from the Encyclical letter of the 1878 Lambeth Conference, section 1.5
There are certain principles of church order which, your Committee consider, ought to be distinctly recognised and set forth, as of great importance for the maintenance of union among the Churches of our Communion.It appears to me that most of the troubles in the present Anglican Communion stem from the failure of some provinces to observe and abide by point 1. Some of those same provinces have gone on to violate point 2, and the recent trouble in AMiA seems to reflect a bit of the mess one gets into by not observing point 3.
1. First, that the duly certified action of every national or particular Church, and of each ecclesiastical province (or diocese not included in a province), in the exercise of its own discipline, should be respected by all the other Churches, and by their individual members.
2. Secondly, that when a diocese, or territorial sphere of administration, has been constituted by the authority of any Church or province of this Communion within its own limits, no bishop or other clergyman of any other Church should exercise his functions within that diocese without the consent of the bishop thereof.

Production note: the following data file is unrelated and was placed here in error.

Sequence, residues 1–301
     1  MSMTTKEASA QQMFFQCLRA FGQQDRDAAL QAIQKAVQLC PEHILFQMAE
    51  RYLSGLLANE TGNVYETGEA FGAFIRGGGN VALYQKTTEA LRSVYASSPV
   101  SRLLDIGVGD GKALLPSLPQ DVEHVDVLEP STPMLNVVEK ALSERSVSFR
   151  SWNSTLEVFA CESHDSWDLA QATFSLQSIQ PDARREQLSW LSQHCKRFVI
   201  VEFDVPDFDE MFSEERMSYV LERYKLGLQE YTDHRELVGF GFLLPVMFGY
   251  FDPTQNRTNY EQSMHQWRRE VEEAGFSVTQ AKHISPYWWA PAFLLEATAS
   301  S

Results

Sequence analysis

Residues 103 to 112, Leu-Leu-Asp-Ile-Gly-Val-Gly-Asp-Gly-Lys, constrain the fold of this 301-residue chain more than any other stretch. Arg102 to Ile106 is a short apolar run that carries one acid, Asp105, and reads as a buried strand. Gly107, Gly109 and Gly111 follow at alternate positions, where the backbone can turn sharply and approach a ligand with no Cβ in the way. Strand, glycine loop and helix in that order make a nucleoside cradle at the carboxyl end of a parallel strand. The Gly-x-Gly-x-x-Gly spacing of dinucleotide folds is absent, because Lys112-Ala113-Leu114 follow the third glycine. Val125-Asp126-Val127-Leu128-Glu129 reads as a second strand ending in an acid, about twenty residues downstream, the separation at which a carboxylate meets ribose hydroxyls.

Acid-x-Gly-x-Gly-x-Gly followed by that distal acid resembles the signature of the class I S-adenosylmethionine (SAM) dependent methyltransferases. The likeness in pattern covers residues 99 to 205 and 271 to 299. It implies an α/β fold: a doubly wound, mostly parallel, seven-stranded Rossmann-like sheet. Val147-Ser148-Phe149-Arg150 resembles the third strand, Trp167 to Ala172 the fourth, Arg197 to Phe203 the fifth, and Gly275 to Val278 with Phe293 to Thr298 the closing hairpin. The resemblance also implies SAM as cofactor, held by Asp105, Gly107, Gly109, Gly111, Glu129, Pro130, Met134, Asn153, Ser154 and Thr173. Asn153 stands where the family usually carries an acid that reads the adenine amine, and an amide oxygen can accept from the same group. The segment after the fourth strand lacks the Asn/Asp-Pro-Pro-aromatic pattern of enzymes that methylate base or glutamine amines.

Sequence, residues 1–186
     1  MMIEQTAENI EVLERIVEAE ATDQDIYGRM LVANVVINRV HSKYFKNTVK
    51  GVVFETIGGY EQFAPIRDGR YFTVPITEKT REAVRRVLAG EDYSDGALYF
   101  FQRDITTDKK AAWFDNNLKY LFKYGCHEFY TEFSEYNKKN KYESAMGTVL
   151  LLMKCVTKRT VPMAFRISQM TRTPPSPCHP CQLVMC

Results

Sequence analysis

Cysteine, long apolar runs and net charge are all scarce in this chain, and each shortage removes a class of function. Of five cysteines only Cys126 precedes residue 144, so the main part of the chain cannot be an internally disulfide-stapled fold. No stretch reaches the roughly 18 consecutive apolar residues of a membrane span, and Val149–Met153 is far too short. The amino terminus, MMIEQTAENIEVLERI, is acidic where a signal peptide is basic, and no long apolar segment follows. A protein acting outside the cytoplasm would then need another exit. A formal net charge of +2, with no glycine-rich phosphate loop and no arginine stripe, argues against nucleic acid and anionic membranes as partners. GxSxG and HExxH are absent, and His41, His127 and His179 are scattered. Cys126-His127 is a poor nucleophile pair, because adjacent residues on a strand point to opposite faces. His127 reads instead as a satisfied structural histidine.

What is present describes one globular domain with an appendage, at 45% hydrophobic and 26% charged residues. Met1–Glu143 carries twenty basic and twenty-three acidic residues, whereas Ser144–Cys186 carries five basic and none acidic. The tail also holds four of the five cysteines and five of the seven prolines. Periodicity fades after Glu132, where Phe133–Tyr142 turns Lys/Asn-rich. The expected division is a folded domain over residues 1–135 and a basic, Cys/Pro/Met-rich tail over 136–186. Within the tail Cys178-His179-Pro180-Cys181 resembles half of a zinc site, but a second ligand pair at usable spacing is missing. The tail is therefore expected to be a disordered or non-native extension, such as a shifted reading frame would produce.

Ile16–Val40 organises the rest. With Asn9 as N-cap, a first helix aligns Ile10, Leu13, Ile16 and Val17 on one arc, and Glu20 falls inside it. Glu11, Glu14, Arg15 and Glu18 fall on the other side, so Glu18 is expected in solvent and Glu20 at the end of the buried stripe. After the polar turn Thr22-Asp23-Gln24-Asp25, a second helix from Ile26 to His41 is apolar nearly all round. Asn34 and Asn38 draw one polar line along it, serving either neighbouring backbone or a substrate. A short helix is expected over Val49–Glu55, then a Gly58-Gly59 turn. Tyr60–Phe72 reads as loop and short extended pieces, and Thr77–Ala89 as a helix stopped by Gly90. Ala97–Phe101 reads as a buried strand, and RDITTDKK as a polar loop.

3. Thirdly, that no bishop should authorise to officiate in his diocese a clergyman coming from another Church or province, unless such clergyman present letters testimonial, countersigned by the bishop of the diocese from which he comes; such letters to be, as nearly as possible, in the form adopted by such Church or province in the case of the transfer of a clergyman from one diocese to another.
But point 1, in one sentence, is the key to any real Anglican unity. No further "covenant" is needed. And the one currently on offer provides a mechanism to frustrate point 1, by shifting from respecting the actions of the provinces to placating those offended by them. The proposed Covenant is government by discontent and disrespect.
Tobias Stanislas Haller BSG